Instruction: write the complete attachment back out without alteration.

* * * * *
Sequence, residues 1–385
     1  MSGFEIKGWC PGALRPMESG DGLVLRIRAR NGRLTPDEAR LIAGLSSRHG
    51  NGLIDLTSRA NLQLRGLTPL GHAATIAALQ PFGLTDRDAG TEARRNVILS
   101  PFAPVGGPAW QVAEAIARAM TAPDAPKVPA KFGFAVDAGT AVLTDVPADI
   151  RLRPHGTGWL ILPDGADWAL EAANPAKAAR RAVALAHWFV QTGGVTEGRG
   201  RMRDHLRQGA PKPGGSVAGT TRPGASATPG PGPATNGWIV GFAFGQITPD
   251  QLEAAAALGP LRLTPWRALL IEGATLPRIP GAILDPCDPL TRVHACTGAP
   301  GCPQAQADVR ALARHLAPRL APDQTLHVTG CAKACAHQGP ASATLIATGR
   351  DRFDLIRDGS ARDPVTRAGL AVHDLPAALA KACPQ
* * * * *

Sequence, residues 1–385
     1  MSGFEIKGWC PGALRPMESG DGLVLRIRAR NGRLTPDEAR LIAGLSSRHG
    51  NGLIDLTSRA NLQLRGLTPL GHAATIAALQ PFGLTDRDAG TEARRNVILS
   101  PFAPVGGPAW QVAEAIARAM TAPDAPKVPA KFGFAVDAGT AVLTDVPADI
   151  RLRPHGTGWL ILPDGADWAL EAANPAKAAR RAVALAHWFV QTGGVTEGRG
   201  RMRDHLRQGA PKPGGSVAGT TRPGASATPG PGPATNGWIV GFAFGQITPD
   251  QLEAAAALGP LRLTPWRALL IEGATLPRIP GAILDPCDPL TRVHACTGAP
   301  GCPQAQADVR ALARHLAPRL APDQTLHVTG CAKACAHQGP ASATLIATGR
   351  DRFDLIRDGS ARDPVTRAGL AVHDLPAALA KACPQ